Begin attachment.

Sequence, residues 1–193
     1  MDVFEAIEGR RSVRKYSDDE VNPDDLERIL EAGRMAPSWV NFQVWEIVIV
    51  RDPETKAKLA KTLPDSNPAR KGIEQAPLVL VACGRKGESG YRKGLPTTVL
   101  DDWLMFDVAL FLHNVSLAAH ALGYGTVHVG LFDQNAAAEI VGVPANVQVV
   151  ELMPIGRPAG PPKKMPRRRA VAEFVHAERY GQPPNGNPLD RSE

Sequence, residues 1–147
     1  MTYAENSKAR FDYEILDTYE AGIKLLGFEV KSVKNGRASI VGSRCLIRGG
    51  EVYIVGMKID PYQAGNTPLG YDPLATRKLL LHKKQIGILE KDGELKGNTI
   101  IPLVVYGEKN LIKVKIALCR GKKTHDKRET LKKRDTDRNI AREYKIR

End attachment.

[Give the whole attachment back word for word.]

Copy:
Sequence, residues 1–193
     1  MDVFEAIEGR RSVRKYSDDE VNPDDLERIL EAGRMAPSWV NFQVWEIVIV
    51  RDPETKAKLA KTLPDSNPAR KGIEQAPLVL VACGRKGESG YRKGLPTTVL
   101  DDWLMFDVAL FLHNVSLAAH ALGYGTVHVG LFDQNAAAEI VGVPANVQVV
   151  ELMPIGRPAG PPKKMPRRRA VAEFVHAERY GQPPNGNPLD RSE

Sequence, residues 1–147
     1  MTYAENSKAR FDYEILDTYE AGIKLLGFEV KSVKNGRASI VGSRCLIRGG
    51  EVYIVGMKID PYQAGNTPLG YDPLATRKLL LHKKQIGILE KDGELKGNTI
   101  IPLVVYGEKN LIKVKIALCR GKKTHDKRET LKKRDTDRNI AREYKIR